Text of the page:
I was at a client's office during the week and I had a few spare minutes while some bulk data was being loaded into a database. Rather than just sit there watching a counter tick over, I took the opportunity to check the appearance of this site. (I do this because it is the only way I can ever see for myself how the site looks with different, screens, browsers, operating systems, etc). You can imagine my surprise to find that The Millenium Project home page was blocked by Deerfield's GateFilter software because it apparently had a 35% chance of containing material of an offensive sexual nature. (Someone has since pointed out that this is probably lower than the percentage of the web as a whole.)
I couldn't think of any reason for this, so I connected through an anonymous proxy (which shows how useless these filters are) to have a look and the best guess I could make was that GateFilter was objecting to some words I had used when commenting about the censorship of the film Ken Park. I went to Deerfield's web forum for dealers (I sell their products) and there were several complaints about GateFilter blocking innocuous sites but letting the ones in the porno spam through, so you can't look at safe stuff but farmyard antics are OK. One priceless example was a site for a British distributor of electronic spare parts and components. Even the Deerfield people were puzzled about why this got a 100% danger rating, and they wrote the rating software! Weird.
This was a filter on an office network. The nature of the business will almost inevitably mean that the company's suppliers and target markets will have innocent words on their sites which will trigger the filter simply because, like all key-word filters, it is incapable of resolving ambiguity. I would imagine that certain pages of the company's own site will be blocked - especially the ones that talk about strips, screws, things that are bare and 18, things that have more inches than other things, and dark places off highways.
Not all offices and businesses have such strange censorship policies, though. At a recent presentation of the software product which underpins my consulting business the prospect became quite apologetic about some shortcuts to her client sites on her Windows desktop. She works for a company which develops software for secure payments for online services where the only identification is likely to be a credit card number and a Hotmail address. Now, what sort of business works like that and only charges a small number of dollars a week for membership? That's right - there was "My Computer" and "Network Neighbourhood" and "Sophie's Slutorama" and "Things with inches" and ... Not that I noticed, of course. Or cared. She assured me it was "strictly legal".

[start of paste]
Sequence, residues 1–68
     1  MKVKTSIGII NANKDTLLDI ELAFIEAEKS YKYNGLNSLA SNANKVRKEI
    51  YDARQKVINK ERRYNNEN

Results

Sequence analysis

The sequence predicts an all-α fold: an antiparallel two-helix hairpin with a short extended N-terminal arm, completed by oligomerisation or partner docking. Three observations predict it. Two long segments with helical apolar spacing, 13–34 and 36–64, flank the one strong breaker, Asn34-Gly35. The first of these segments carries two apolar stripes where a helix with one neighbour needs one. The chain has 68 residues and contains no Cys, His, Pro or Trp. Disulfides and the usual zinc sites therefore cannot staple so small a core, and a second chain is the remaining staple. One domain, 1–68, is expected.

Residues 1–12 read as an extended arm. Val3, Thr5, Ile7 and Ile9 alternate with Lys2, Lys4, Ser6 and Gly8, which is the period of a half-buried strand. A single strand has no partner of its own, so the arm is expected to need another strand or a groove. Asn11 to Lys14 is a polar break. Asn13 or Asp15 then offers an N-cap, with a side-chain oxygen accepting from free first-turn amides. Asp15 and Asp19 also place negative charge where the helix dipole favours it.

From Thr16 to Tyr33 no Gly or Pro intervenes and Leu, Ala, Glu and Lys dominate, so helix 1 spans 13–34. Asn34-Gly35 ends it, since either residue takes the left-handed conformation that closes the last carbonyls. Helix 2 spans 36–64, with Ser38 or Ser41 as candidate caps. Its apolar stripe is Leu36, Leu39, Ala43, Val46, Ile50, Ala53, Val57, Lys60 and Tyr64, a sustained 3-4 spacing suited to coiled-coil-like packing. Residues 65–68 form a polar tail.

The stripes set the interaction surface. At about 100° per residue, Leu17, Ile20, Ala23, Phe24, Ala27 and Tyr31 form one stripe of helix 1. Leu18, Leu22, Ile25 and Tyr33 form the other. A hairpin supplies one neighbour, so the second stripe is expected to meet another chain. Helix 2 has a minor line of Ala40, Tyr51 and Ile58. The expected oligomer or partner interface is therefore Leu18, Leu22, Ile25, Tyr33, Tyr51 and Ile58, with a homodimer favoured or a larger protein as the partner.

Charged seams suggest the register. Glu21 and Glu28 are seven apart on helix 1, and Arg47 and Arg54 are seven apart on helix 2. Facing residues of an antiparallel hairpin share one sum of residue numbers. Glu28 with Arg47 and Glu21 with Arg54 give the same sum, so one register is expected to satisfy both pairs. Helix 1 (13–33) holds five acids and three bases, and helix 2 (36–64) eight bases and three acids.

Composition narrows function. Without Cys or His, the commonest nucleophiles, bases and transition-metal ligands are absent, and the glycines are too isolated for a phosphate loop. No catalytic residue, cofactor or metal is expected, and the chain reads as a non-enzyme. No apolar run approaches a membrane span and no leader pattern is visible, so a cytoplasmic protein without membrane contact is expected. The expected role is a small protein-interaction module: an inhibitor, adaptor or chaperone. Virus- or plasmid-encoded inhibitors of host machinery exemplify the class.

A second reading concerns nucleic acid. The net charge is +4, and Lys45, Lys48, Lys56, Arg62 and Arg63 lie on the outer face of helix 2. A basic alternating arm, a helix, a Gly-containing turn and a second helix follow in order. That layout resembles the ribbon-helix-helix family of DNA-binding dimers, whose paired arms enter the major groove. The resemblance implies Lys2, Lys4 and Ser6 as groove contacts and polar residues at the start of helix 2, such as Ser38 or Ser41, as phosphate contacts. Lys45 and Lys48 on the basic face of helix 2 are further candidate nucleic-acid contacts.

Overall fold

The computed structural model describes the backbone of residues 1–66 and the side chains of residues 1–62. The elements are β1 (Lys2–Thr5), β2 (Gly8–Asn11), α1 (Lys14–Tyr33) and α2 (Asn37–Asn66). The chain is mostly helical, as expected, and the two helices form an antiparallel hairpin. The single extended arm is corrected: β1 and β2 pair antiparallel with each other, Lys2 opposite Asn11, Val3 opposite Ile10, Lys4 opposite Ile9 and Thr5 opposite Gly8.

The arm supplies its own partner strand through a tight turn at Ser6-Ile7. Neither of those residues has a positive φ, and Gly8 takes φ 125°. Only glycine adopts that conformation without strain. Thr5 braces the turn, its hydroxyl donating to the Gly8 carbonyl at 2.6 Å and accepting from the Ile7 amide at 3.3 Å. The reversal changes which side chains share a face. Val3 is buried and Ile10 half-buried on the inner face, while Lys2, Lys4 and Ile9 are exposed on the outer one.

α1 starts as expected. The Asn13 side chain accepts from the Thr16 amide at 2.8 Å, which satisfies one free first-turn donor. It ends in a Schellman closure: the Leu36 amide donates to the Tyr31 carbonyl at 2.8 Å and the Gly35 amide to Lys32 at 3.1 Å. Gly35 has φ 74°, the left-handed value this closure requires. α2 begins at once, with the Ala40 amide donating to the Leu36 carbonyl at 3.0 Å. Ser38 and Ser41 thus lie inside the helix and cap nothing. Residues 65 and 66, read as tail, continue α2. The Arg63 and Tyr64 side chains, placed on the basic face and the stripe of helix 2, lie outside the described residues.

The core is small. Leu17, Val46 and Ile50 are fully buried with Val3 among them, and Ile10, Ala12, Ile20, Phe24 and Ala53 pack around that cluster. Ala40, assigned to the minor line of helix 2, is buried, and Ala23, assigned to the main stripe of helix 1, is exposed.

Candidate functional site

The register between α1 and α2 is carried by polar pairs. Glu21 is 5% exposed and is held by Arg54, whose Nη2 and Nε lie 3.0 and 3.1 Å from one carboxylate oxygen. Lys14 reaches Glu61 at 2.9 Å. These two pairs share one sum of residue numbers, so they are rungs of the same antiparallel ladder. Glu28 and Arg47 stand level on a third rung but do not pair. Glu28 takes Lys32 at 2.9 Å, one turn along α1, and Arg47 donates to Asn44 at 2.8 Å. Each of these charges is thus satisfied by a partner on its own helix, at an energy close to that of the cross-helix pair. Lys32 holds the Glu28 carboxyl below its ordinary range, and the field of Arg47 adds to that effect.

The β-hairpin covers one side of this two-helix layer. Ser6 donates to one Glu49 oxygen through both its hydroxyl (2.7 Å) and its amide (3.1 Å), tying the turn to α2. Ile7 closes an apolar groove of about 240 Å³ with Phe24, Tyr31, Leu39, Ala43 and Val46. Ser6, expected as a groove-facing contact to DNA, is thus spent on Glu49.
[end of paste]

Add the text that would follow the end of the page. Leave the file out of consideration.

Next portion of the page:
What's new? (19/7/2003)
I don't know how good tarot, palm reading and other thingomancies are for predicting the future (actually, I do) but I do know that there is a form of palm reading which can show you the recent past. The Millenium Project now has a facility which allows you to download the latest front page update so you can read it on your Palm or other handheld device or PDA. You need to get some free software, but like most programs for the Palm and its cousins it's easy to install and configure. You can find instructions here which will help you get started, but after that the process is almost automatic. Whenever you HotSync your Palm you will get the latest news from here.
[This feature was dropped in October 2008 because mobile phone technology had bypassed this method of reading web sites.]
This child was not wanted (19/7/2003)
How do you tell your child that you wish that he had never been born and that he is just a financial burden to you? How do you make sure that he will be regularly reminded of this fact throughout his life? One way is to sue a doctor for performing an operation with a known failure rate because he didn't do a perfect job.